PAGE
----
Practical tips for effective project assurance and control


  1. Be clear on what the point of project assurance & control is, and the effort that will go into it.
  2. Have a plan for how Assurance & Controls gets engaged with the project, with real clarity on what is to be done, when, by whom, and most importantly why! This takes effort from all involved, and is only really successful when there is a clear common purpose and buy-in.
  3. Tailor assurance & controls activities, scale to the needs / complexity / importance of the project and the client’s appetite for and approach to assurance and control. Have a mindset to keep assurance & control activities lean, focussed and value added.
  4. Recognise the different phases of a project, and how assurance and controls should adapt to them. Most organisations have their own standard delivery roadmaps, but a simplistic approach is setup, implementation & close out. Biggest learning for me is that taking the effort to get things set up right in the first place gives the biggest return.
  5. Establish trust & build relationships: we’re all on the same team here, and that the ideal outcome as above is a successful project for the client with appropriately rewarded project teams & people. Assurance & Controls teams should have an objective, strong independent voice and opinion, but the way this is communicated and managed is really important.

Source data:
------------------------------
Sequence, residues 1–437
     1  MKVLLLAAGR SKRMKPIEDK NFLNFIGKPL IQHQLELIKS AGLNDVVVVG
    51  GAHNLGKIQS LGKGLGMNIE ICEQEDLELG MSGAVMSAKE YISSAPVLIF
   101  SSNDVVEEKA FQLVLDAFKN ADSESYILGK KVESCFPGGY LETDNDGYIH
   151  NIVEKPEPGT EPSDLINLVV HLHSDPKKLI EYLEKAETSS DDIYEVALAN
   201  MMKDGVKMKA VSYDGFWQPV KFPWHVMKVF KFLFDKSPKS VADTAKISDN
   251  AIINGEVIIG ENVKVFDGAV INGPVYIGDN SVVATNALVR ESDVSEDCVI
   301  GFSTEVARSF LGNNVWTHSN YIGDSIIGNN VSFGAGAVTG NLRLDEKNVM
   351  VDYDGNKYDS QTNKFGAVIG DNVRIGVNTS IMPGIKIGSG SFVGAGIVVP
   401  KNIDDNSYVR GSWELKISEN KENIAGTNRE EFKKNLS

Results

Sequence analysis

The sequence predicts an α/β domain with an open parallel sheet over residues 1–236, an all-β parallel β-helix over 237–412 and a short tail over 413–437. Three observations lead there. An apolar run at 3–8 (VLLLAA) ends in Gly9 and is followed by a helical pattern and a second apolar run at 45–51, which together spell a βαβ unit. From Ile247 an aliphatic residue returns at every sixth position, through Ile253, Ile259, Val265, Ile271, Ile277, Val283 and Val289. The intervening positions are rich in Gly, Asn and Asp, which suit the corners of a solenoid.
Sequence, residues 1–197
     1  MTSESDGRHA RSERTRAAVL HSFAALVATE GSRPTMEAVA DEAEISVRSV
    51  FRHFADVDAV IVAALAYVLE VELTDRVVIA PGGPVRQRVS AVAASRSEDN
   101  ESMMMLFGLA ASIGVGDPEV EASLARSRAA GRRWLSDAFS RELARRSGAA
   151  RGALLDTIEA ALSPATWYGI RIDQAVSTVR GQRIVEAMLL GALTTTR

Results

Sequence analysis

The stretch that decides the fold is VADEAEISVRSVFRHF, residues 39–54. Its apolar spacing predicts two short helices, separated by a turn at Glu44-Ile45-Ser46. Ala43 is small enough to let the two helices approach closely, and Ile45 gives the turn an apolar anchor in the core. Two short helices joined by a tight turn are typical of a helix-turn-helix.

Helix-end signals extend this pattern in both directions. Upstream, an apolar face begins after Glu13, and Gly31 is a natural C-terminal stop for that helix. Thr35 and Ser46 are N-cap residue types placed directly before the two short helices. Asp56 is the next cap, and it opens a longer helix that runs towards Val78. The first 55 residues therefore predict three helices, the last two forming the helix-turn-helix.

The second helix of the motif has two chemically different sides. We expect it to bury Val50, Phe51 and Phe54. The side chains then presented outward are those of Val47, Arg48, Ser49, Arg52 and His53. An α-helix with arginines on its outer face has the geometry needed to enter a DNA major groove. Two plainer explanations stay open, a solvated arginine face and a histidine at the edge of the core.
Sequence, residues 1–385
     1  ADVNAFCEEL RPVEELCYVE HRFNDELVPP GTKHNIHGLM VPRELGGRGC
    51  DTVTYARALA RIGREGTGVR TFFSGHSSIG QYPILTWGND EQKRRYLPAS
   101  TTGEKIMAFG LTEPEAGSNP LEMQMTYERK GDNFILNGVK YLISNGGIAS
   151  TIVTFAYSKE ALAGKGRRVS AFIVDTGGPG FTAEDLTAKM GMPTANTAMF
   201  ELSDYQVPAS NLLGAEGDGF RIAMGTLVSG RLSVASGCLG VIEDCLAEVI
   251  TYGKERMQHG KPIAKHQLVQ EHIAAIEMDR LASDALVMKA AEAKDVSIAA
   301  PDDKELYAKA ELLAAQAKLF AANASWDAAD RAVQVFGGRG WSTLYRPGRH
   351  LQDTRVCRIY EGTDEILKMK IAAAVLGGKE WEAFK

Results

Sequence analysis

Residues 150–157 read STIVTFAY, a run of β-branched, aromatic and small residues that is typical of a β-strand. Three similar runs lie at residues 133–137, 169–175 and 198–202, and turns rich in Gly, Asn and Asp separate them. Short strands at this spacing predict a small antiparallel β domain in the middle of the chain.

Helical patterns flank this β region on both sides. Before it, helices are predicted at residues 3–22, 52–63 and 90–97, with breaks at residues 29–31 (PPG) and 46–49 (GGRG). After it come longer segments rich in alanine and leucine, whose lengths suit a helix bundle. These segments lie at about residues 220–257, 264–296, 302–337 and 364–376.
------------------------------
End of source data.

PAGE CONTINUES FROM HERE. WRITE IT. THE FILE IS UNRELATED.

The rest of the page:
6. Recognise when things are not going well, assurance & controls interventions are difficult, reliable information is not being freely shared, relationships & trust are not where they need to be. Try to sort out as a team with open and honest conversations, do engage more senior stakeholders/ sponsors to resolve if needed.
  7. Ensure that Assurance & Controls activities are led by someone with appropriate experience (lots)and credibility. It’s a big ask to present an overview of where a project is in a comparatively short meeting/ intervention usually based on limited time and perhaps 1% of the information and context that others involved will have.
  8. Be humble also, don’t be afraid to ask dumb questions (one of my specialities) and say when you don’t understand.
  9. Employ the ‘sniff test’ — if something doesn’t smell/ feel right, usually it isn’t. Follow your instincts, be persistent and try to get to the root cause.
  10. Make sure that reports/ outputs of assurance activities are digestible, with good summaries and easy access to key takeaways, with appropriate detail / backup.




  1. Let it become a superficial tick-box exercise to meet a required process/ corporate need.
  2. Focus on only on the negative: recognise good things that are happening to frame the overall picture of how things are, while making sure necessary messages and escalations are made.
  3. Get overly focused on key statistics, e.g. for risk control number of open risks, those without mitigation plans, open > 60 days etc. This is all good data, but I’d be far more concerned if a project team was not able to articulate what their top 3 project risks and issues are, what impacts they have and what is being done to manage them..
  4. Forget important issues such as the health/ wellbeing of the project team members, how effective communications are. These are often key indicators of potential problem areas.